5. Inherited pension pots adjustments
Currently, if a pension owner dies before aged 75, beneficiaries of pension pots invested in income drawdown plans either pay no tax or their regular income tax rate if they are older than 75. However, there are rumours that the government might target this rather generous scheme, which was implemented alongside revisions to pension freedom reforms in 2015.
The Institute of Fiscal Studies recently proposed that pension funds transferred after death should be liable to income tax and inheritance tax.
On the one hand, pensions are not meant to be utilised by the wealthy as an estate planning tool but rather to fund retirement. However, for many people engaged in drawdown plans to transfer their pension wealth to the next generation, introducing stricter rules could mean upsetting their inheritance plans.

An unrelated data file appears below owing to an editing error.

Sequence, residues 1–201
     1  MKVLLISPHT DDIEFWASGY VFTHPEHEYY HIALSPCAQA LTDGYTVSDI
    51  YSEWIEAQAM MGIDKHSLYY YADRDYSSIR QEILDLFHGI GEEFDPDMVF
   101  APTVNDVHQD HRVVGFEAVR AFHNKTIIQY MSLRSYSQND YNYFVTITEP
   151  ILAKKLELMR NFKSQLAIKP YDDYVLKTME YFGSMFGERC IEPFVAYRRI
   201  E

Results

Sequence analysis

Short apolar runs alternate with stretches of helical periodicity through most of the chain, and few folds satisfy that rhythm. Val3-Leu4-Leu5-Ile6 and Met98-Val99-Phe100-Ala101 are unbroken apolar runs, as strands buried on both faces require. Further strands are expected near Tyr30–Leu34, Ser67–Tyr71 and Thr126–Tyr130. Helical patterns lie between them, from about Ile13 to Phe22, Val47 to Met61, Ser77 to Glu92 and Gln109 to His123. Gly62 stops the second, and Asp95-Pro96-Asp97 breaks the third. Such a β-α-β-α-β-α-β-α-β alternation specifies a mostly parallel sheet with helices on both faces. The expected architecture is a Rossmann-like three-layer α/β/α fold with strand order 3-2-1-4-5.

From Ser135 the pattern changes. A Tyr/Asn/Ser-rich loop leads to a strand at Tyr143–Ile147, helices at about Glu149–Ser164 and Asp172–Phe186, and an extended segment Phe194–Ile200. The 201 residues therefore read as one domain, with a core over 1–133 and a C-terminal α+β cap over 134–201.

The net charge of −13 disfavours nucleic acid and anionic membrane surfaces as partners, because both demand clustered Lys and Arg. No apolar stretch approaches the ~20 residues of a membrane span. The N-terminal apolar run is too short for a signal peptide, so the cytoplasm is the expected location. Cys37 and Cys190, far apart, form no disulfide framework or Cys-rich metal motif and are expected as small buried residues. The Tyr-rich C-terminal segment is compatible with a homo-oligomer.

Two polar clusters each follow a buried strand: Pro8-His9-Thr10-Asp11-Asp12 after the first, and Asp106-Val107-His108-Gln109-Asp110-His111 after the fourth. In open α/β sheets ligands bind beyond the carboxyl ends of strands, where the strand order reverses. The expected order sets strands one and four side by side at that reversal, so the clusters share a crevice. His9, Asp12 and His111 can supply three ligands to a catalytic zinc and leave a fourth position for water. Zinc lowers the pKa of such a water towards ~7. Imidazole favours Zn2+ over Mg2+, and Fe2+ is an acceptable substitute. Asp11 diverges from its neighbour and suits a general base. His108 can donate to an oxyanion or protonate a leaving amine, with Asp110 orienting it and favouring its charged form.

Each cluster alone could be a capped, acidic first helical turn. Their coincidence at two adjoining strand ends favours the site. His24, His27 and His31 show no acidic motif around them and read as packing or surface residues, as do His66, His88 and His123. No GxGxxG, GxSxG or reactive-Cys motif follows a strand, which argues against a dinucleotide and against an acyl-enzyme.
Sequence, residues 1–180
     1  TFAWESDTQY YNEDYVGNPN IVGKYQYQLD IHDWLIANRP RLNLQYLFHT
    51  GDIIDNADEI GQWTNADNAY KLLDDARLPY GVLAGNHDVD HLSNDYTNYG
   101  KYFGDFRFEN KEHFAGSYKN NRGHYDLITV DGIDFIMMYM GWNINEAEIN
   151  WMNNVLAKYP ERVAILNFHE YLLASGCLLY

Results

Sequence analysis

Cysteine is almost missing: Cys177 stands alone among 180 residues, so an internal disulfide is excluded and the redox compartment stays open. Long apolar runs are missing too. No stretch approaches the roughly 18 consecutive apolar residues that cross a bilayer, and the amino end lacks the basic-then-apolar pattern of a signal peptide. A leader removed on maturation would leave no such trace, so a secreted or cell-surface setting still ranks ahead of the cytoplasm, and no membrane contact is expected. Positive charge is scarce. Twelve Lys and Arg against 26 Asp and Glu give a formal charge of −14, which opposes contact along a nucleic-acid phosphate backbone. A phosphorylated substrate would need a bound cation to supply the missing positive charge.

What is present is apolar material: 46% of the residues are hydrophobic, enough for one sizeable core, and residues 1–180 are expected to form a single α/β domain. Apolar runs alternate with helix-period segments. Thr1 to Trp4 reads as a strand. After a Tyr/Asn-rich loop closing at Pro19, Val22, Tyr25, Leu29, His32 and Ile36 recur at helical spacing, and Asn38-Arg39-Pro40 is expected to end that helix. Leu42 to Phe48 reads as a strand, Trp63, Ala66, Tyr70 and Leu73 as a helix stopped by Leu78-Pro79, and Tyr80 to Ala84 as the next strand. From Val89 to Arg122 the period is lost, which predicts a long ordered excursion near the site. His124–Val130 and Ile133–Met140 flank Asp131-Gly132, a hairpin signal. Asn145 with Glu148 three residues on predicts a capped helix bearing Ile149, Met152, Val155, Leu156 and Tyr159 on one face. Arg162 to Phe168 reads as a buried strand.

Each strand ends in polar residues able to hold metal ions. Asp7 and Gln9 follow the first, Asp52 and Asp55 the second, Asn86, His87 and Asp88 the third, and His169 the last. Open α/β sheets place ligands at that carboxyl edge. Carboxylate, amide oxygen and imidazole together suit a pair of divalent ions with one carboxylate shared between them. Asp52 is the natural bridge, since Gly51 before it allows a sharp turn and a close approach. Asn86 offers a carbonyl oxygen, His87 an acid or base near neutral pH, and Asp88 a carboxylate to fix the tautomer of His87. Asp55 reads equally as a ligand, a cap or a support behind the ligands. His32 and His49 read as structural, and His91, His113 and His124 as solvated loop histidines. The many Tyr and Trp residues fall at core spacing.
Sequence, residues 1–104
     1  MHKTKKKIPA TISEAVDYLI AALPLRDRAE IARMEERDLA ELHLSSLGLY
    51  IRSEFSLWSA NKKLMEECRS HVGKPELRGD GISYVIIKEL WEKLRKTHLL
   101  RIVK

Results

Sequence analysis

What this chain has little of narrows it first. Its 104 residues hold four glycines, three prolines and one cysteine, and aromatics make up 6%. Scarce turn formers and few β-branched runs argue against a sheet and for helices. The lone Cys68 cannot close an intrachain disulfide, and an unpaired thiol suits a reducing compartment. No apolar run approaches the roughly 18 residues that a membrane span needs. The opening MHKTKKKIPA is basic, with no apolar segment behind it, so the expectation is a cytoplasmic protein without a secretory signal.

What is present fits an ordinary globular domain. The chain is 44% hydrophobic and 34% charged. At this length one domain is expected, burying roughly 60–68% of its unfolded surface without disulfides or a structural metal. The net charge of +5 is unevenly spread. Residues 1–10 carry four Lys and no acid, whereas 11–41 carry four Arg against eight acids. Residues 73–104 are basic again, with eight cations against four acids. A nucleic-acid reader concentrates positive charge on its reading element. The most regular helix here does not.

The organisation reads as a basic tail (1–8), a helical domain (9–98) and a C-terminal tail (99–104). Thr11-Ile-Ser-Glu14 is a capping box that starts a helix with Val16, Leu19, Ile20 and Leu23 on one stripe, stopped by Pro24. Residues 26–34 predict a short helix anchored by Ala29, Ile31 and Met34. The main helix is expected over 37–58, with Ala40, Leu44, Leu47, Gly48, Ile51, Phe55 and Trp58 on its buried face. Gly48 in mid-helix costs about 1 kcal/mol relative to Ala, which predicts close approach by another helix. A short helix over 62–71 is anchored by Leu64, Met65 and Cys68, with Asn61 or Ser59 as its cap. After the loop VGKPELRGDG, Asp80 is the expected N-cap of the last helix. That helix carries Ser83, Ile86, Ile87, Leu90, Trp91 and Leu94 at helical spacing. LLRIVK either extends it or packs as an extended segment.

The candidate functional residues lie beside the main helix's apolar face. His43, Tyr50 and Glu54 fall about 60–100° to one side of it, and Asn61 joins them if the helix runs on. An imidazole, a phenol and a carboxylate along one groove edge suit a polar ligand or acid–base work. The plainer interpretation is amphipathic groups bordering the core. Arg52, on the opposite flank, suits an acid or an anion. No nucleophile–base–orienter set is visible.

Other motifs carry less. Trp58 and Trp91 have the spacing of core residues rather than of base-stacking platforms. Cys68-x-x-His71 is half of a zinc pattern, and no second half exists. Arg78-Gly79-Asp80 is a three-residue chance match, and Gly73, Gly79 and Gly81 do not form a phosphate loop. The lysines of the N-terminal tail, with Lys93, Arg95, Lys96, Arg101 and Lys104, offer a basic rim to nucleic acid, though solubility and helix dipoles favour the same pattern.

Given the difficult financial conditions at the Treasury, it would not be surprising if the tax treatment of pensions after death were examined in advance of the upcoming budget.
One of the critical concerns, if there were reform in this area, would be whether those who have made retirement spending decisions or pension contributions would be protected.
Ready to find out more?
Do you need advice regarding your pension, or are you interested in transferring it overseas from the UK? Contact Brite to receive quality expert advice regarding your retirement.